France to Support Poultry Processing Investment

FRANCE - French poultry killing and cutting plants have until 15 September to apply for government funding worth up to €250,000 to invest in processing lines, writes Peter Crosskey.
calendar icon 1 August 2013
clock icon 6 minute read

The level of subsidy is dependent on factors that include the size of the business and its location. Only combined killing and cutting plants qualify: farm-based slaughtering is specifically excluded, as are processing facilities without slaughtering lines.

The programme is being overseen by FranceAgriMer, which is currently home to a national ad hoc subsidy commission. This particular scheme has been under discussion with the poultry industry for some months now. Eligible projects include automation and robotics.

However, paying off investments accounted for less than three per cent of the French poultry industry’s 2011 cost base, according to figures released by FranceAgriMer.

Even with staff costs for the industry hovering at just under 12 per cent of product costs, today’s economy is hardly a climate conducive to capital-intensive projects.

The same document notes the relentless rise in feed costs for poultry, with the feed price per kilo of finished poultry (liveweight) nudging 64 centimes/kilo for the year to the end of May.

With an averaged out all-industry figure of €1 per kilo as the going rate for live poultry during the first half of the year, producers have been losing at least 7 centimes/kilo liveweight on their production during this period.

During 2011 and 2012, FranceAgriMer notes, retail gross margins rose faster than the price of live poultry arriving at the abattoir. This has meant that while liveweight intake prices rose by €0.12/kg (up 8 per cent YOY) in the first half of 2013, these have been buffered by retail price rises of €0.11/kg (up 3 per cent YOY) over the same period.

French Pig Meat Buyers Holding Back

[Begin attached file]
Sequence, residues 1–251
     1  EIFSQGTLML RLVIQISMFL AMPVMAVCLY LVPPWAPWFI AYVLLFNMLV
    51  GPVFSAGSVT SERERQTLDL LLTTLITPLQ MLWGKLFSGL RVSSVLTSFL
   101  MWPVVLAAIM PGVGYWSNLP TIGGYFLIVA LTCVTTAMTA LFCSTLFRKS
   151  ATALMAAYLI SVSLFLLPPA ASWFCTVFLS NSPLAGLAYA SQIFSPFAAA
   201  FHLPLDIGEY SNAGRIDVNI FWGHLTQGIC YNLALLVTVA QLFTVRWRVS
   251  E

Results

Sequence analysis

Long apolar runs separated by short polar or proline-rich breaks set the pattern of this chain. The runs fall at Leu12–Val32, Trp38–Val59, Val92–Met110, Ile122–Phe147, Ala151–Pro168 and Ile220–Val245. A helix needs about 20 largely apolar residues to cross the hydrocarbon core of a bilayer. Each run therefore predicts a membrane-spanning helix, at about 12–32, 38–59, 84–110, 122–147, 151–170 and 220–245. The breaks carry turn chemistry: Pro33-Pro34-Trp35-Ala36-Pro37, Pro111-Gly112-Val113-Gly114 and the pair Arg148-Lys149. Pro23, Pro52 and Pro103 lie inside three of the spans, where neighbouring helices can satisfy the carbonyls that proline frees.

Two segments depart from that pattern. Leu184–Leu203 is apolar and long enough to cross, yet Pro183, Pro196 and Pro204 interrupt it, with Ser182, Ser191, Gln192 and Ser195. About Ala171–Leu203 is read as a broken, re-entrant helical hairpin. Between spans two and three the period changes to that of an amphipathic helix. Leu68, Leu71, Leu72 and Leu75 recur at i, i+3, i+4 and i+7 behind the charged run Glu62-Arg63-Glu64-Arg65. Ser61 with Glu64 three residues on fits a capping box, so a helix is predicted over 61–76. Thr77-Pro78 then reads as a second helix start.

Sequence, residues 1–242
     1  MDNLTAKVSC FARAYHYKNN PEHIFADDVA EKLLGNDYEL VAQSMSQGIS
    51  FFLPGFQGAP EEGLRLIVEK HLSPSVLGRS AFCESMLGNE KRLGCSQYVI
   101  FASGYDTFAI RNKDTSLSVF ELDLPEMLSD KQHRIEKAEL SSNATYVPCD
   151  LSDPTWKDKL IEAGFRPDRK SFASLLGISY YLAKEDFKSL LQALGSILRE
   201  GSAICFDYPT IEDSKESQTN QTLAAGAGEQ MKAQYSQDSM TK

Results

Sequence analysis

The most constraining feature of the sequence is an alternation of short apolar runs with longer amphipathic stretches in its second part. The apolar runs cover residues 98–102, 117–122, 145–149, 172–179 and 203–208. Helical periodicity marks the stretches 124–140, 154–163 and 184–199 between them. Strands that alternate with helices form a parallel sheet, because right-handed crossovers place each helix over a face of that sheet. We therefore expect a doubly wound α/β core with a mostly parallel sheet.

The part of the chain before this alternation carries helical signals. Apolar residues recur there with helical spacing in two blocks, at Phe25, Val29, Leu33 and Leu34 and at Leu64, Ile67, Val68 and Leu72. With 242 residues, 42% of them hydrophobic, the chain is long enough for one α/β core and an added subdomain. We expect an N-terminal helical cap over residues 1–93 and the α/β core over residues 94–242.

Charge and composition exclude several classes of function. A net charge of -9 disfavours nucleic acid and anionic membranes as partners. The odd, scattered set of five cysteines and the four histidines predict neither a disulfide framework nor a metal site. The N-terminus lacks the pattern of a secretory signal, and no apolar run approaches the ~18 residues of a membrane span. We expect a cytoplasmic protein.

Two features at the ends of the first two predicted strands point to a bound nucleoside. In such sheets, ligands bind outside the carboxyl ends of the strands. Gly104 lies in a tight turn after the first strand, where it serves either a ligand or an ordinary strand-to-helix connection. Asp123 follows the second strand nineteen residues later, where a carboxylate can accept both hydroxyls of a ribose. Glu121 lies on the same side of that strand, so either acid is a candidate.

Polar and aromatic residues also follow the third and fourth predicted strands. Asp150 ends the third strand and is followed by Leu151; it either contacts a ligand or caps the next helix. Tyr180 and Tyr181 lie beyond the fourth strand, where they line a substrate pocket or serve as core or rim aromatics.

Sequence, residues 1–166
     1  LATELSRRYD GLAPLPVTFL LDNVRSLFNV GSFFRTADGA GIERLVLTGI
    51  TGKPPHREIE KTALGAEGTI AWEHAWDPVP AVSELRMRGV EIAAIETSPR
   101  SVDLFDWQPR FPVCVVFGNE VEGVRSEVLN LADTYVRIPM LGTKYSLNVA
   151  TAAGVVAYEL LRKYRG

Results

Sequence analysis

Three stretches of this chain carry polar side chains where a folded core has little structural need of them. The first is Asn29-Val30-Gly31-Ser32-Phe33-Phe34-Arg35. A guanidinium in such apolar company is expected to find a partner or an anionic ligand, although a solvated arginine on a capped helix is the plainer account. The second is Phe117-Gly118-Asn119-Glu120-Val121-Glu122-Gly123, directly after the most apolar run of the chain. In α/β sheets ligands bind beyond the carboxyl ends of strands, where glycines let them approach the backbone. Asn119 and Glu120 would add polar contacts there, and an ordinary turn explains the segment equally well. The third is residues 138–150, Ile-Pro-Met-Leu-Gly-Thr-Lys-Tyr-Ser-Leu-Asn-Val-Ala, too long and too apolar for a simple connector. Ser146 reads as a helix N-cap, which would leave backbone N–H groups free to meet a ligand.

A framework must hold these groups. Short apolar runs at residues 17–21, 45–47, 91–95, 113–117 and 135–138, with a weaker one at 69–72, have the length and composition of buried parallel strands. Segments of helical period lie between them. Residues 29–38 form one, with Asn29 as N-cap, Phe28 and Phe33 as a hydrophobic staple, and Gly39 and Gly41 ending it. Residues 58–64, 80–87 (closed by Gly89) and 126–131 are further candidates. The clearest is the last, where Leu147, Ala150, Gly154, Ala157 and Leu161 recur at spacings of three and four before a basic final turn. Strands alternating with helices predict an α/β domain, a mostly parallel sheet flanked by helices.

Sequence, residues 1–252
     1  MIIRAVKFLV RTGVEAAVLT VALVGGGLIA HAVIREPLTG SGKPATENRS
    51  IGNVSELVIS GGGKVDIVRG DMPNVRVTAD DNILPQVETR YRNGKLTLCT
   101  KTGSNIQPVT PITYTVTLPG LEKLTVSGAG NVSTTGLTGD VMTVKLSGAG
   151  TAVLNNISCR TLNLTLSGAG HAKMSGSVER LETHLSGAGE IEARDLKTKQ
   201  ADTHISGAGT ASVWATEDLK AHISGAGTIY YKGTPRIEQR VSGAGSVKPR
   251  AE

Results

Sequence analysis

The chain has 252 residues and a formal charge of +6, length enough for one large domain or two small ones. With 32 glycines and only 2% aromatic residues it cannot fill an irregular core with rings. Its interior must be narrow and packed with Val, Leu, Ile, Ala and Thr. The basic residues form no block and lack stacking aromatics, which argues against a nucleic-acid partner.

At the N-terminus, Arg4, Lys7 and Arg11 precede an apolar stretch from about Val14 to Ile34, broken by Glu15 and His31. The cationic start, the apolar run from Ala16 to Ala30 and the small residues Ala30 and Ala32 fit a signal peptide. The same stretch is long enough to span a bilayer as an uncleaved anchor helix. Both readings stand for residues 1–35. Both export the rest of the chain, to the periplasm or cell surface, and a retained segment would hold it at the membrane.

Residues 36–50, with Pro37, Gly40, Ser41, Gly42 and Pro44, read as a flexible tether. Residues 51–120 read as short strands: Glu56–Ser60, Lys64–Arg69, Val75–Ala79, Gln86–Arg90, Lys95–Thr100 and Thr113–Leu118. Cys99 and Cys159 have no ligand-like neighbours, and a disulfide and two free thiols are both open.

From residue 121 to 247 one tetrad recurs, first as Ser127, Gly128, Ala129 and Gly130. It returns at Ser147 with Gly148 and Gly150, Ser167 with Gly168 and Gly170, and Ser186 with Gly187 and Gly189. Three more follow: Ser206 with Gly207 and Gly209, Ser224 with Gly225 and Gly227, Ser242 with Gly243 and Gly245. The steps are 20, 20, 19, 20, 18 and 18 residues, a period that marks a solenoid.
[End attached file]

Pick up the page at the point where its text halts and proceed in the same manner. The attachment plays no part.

Last week’s Marché du Porc Breton (MPB) Thursday auction price of €1.68/kg marked a €0.06/kg weekly rise against a long term upward trend since April.

Evidently, having had “reassuring news” from other pig production areas, those at the sale (including the MPB economist) were surprised that the slaughterers were sluggish in their bidding.

As the only French pig auction to be reported directly nationally, it is possible that buyers might not want the headline price to be seen to rise unduly, even though markets across Europe have been strengthening.

This year MPB has seen fewer price swings and has generally traded above last year’s rates, with around 9,000 fewer head presented every week than 2012.

French consumers, however, are trading down too: MPB quotes TNS panel data to April this year, noting a 2.6 per cent YOY drop in fresh pigmeat sales; a 7.3 per cent lift in sausages and a 1.4 per cent rise in charcuterie, 0.4 per cent of that for ham.

FranceAgriMer calculations (source as above) for the retail price compositions focuses on loins as the retailers’ mainstay, whether as roasting joints or pork chops. While the retail price point of €6.65/kg has not moved from 2012 to the first half of 2013, the instore butchery counters managed to add five centimes a kilo to their gross margin €3.23/kg), squeezing two centimes/kg from processors and paying 3 centimes/kg less for the raw material.

As a department, the retailers argue that on the basis of 2011 figures, butchery counters are nearly two per cent shy of making money on fresh meat, although charcuterie counters earned just over five per cent net of everything.